How Did I Get This Belly?
The condition that got you in that unhealthy condition
By Siphiwe Baleka
When you got your CDL did anyone tell you that the irregular hours of sleep and interrupted sleep that most long haul commercial drivers deal with would affect your health? Did anyone tell you that the stress of the job would cause a hormonal imbalance? Did anyone tell you about a disease called Metabolic Syndrome that afflicts more than 80 percent of truck drivers?
There’s no hiding the fact that the majority of truck drivers are overweight. Most people blame the drivers, saying that they need to eat healthier and exercise more. Nobody talks about Metabolic Syndrome, a combination of medical disorders that, when occurring together, increase the risk of developing cardiovascular disease and diabetes.
Every time someone cuts you off or you get caught in a construction zone or a shipper delays you for hours — any event that causes you stress — it sets off a chain of 1,400 biochemical events in your body that release cortisol. Right after the stressful event, the body is supposed to return to a normal condition. However, if a driver remains upset or encounters yet another stressful situation, that excess cortisol is released to prepare the body for “Fight or Flight.” It shuts down blood flow from all areas except the arms and legs, which are needed to punch someone or run. Your vital organs aren’t needed for this and neither is your brain.
So when your day is filled with constant stress, your vital organs are drained and deprived of what they need. This includes your brain. That’s why people do dumb things in the heat of the moment. The cerebral cortex needed for higher reasoning is shut down. The bottom line is that drivers become habituated and immune to stress, which in turn causes suppressed thyroid function, blood sugar imbalances, high blood pressure, lowered immunity, hormonal imbalances and increased abdominal fat.
When you combine this with sleep deprivation from driving the night shift, switching from day driving to night driving, being interrupted by shippers and receivers to walk in your bills of lading, and so on, it causes a decrease in serum leptin and an increase in serum ghrelin. These are the substances that regulate hunger.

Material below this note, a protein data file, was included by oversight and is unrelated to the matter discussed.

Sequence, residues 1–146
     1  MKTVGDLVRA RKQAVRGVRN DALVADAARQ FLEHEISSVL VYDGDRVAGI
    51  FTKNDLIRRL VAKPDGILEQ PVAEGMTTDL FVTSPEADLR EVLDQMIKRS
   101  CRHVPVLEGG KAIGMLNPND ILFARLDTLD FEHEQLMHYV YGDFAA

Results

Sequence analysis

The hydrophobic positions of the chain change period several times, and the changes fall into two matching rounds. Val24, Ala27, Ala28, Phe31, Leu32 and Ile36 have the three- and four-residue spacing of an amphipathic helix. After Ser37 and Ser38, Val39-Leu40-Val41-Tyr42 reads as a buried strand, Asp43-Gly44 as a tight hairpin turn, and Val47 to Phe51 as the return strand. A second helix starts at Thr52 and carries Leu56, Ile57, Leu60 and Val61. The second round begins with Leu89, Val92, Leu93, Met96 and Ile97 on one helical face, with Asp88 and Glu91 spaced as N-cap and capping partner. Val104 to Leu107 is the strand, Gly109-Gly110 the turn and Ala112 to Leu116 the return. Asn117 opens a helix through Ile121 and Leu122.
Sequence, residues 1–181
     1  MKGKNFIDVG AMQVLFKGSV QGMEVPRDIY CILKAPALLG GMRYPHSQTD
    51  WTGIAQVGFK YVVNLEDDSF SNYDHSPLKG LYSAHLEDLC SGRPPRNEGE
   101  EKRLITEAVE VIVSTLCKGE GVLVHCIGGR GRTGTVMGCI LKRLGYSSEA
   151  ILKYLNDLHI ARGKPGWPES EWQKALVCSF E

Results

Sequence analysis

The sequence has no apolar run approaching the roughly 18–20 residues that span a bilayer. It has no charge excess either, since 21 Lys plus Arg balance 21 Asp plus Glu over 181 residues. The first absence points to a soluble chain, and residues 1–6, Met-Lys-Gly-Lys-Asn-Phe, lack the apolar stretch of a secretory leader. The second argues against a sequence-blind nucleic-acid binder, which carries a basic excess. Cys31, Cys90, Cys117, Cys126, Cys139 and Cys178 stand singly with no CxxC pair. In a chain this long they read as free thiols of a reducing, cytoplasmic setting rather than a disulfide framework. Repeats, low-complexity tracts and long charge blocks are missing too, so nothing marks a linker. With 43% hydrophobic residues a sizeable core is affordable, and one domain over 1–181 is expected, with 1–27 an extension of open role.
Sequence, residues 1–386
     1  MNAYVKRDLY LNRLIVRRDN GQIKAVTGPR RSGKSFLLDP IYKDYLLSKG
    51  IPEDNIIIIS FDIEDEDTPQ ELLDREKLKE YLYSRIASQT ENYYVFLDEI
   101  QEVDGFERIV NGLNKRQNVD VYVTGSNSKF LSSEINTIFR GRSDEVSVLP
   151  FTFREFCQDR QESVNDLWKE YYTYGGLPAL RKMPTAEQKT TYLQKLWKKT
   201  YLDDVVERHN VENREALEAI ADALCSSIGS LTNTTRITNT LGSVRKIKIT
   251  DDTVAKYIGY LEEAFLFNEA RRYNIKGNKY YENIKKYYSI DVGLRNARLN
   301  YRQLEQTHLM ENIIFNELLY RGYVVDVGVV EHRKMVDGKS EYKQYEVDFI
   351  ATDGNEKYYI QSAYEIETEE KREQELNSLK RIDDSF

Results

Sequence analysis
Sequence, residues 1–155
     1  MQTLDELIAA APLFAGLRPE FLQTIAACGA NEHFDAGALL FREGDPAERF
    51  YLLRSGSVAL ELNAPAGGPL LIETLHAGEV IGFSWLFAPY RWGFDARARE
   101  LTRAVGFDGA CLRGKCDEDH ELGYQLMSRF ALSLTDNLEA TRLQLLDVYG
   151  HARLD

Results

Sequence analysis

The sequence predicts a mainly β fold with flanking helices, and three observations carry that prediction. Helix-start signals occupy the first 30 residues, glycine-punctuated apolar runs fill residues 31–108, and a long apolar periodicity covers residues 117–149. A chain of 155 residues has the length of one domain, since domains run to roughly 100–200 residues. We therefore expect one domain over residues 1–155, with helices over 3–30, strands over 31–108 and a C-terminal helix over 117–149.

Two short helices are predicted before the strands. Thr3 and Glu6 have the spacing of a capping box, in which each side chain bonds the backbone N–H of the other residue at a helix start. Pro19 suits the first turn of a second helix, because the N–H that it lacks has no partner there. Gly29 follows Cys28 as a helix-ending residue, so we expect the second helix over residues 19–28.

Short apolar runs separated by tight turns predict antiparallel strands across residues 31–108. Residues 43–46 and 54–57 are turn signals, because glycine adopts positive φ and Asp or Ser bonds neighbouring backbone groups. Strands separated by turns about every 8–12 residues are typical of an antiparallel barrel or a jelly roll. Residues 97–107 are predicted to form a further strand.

Your body doesn’t get the signal to start eating, causing you to skip meals, which slows your metabolism. Or your body doesn’t get the signal to stop eating, leading you to overeat. Either way, you increase your abdominal fat.
Finally, add the fact that physical inactivity leads to increased abdominal fat. According to Mayo Clinic cardiologist Martha Grogan, people who sit most of the day have a risk of heart attack equal to those who smoke.
So you now begin to understand why truckers are prone to gain weight. Their biochemistry changes as a direct result of their occupation. Fortunately the effects can be reduced by following seven strategies (listed above).
Thirty-one out of 51 drivers in Prime Inc.’s Driver Health and Fitness program lost an average of 19.3 lbs. — or 7.3 percent of their body weight — in just 13 weeks by following the Seven Strategies. One driver lost 60 lbs. without skipping any meals! Another came off of 10 medications! Follow the Seven Strategies and it will work for you, too.
The Seven Strategies
How to reverse Metabolic Syndrome
- No matter what, get 15 minutes of exercise a day.
- Each workout must be vigorous.
- Work multiple muscle groups at the same time.
- Always eat after a workout.
- Eat breakfast. Then eat something every three hours.
- Keep healthy snacks in the truck.
- Log your nutrition and fitness.
Metabolic Syndrome Risk Factors
- Sleep deprivation
- Sedentary lifestyle
- Being obese or overweight
Siphiwe Baleka is the Driver Fitness Coach at Prime, Inc. This is his first in a series of columns as Road King’s new Driver Health Editor.